In September of 2014, Apple released the iPhone 6 Plus too much fanfare, as it was the first “big” iPhone that Apple had ever produced.  Overall, this phone is an excellent device and should be in service for many years to come.  However, shortly after its release, the iPhone 6 Plus developed a problem that would later be dubbed “Touch Disease.”  Symptoms included gray “jailbars” at the top of the screen, glitching, intermittent touch problems and finally, it would simply stop touching. Sometimes, you can restart the phone and it will work for a short while, but eventually, it stops touching again, as the effects of restarting the phone are incidental, as will be explained later.

What has been determined is that “Touch Disease” is caused by a design flaw in the iPhone 6 Plus. As we previously stated, the iPhone 6 Plus has a 5.5″ display, much bigger than the 4.7″ screen on the iPhone 6.  As a result, this much larger phone is much more flexible than the smaller iPhones that had been released prior to this point.  Being more flexible, the phone would bend at its weakest point, which we refer to as the fault line. And unfortunately for iPhone 6 Plus owners, the fault line on the iPhone 6 Plus runs directly under the Touch Control IC.  Over time, when the phone flexes from being dropped or even being in a bind from being in a pocket, the weld on the motherboard cracks underneath the chip, and then you have Touch Disease!

The symptoms are often intermittent at first, but always end up resulting in a phone that will not touch.  The “Touch Disease” was first brought to the attention of the cell phone repair community by a private phone repair shop, like ours, that is not affiliated with Apple.  We noticed that a phone affected with Touch Disease could sometimes be made to touch temporarily if you applied pressure in opposite directions on two opposing corners of the phone.  We didn’t know why at the time, but the reason was that bending the fault line under the Touch Control IC was forcing the pins to make contact.  That is why restarting an affected iPhone 6 Plus would sometimes make it work temporarily because handling the phone would put pressure on the fault line, and had nothing to do with the phone being restarted.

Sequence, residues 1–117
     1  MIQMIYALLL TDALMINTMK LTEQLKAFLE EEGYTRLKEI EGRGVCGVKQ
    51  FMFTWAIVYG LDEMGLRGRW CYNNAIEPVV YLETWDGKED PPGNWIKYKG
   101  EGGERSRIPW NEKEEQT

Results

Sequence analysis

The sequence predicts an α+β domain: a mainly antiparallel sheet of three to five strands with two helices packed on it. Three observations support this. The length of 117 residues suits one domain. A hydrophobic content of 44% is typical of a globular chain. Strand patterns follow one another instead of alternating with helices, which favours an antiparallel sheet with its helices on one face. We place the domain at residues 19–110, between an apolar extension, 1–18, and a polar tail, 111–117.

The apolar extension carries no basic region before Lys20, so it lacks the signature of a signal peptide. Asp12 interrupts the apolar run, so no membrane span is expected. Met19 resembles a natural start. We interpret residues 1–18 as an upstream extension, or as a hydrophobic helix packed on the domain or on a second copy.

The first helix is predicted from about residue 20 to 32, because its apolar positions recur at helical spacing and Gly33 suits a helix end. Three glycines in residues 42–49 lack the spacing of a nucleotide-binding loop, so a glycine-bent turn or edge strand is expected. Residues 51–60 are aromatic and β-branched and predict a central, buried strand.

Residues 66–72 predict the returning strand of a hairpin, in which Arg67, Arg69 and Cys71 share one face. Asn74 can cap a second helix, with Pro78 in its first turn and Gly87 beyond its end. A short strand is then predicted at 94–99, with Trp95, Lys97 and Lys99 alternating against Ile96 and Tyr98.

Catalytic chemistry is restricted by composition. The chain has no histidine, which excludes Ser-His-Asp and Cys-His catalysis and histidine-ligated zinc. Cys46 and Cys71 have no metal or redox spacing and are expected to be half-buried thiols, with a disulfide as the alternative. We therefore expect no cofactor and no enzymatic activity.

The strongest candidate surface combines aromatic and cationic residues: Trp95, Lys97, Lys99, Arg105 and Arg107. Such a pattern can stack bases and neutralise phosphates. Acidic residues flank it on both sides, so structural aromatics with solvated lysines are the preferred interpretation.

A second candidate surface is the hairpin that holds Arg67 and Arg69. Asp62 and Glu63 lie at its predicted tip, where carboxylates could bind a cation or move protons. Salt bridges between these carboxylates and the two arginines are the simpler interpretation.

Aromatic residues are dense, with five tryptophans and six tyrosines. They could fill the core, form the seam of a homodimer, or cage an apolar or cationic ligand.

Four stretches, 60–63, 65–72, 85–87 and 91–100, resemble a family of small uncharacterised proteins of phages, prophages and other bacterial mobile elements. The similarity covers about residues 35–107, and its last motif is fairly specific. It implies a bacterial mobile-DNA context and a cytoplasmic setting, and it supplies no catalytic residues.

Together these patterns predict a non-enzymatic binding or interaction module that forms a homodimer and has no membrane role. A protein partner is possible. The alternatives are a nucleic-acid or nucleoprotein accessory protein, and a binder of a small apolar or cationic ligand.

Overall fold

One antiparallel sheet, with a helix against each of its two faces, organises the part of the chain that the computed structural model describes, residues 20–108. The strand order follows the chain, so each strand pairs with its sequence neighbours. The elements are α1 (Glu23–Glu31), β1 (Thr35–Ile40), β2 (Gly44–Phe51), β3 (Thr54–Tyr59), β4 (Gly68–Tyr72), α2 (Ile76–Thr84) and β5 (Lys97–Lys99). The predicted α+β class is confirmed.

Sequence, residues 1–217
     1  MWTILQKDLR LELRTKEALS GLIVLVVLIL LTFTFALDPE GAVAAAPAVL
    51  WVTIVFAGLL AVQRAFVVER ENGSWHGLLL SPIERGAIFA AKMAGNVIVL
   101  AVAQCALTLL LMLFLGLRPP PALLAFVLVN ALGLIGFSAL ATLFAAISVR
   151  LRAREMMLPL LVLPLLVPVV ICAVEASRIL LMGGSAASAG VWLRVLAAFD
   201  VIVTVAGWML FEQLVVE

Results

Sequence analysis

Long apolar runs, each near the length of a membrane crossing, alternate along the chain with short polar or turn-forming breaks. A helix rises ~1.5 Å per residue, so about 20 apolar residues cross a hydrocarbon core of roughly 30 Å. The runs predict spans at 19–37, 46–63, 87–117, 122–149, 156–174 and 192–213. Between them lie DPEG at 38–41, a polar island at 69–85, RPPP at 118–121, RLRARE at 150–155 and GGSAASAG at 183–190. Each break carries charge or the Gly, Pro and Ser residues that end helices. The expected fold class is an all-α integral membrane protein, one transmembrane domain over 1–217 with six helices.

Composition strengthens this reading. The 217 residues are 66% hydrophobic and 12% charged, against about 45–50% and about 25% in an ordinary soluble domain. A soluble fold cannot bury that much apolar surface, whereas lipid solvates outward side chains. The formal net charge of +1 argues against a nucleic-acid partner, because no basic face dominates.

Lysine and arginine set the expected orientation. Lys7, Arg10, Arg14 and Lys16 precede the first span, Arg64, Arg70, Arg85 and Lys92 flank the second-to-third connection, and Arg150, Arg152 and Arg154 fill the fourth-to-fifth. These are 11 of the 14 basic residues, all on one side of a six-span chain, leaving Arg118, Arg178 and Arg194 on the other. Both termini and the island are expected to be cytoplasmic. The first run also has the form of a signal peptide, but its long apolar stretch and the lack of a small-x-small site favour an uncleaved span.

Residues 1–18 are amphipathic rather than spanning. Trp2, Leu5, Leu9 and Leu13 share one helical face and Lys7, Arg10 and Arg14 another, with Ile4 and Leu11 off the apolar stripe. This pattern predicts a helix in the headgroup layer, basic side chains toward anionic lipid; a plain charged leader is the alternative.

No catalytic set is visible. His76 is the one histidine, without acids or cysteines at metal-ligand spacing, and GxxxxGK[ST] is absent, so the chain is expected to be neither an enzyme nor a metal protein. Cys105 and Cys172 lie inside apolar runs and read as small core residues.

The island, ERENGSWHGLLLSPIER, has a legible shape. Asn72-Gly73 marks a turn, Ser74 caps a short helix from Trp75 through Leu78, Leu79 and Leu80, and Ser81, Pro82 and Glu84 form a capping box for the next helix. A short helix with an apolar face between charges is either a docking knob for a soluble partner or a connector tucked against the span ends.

Fixing Touch Disease is a relatively simple procedure if you have the equipment, knowledge, and skill.  The affected IC has to be de-soldered and removed, without pulling the pads underneath the Chip.  The chip is then rebolled and reflowed onto the pads.  This will usually fix the problem, but unless you run a jumper wire from the affected pad under the chip to the proper point on the board, it is just going to happen again the next time the phone gets dropped or bends. Here, at Fixmysmartphone, we always take the extra time to run the jumper wire, so that the phone will not have to be repaired again down the road.

The scope of the problem is pretty big.  We are located in Ruston, La., which is a small college town, in North Louisiana, and we successfully repaired over 30 Touch Disease affected phones this past Summer.  We currently charge $120.00 for that repair.  Apple did finally acknowledge that certain iPhone 6 Pluses were affected by problems in the Touch IC and offers to repair these phones for $149.00, so long as the phone qualifies.  There are some reports indicating that instead of repairing phones with Touch Disease, they are simply replacing the affected phones with refurbished ones.

The iPhone 6 CAN have Touch Disease, but we rarely see it.  Because the phone is smaller than the 6 Plus, it is much less susceptible to flexing than the larger iPhone 6 Plus. The subsequent models (iPhone 6S through iPhone X) don’t have a touch control IC’s on the motherboard, which corrected the problem.

For more information about fixing Touch Disease, or any other repairs that you may need, visit our website, www.totallyunwired.net.  Fixmysmartphone has a “no fix, no pay” policy, so if we cannot fix it, there is no charge.  We also accept repairs by mail!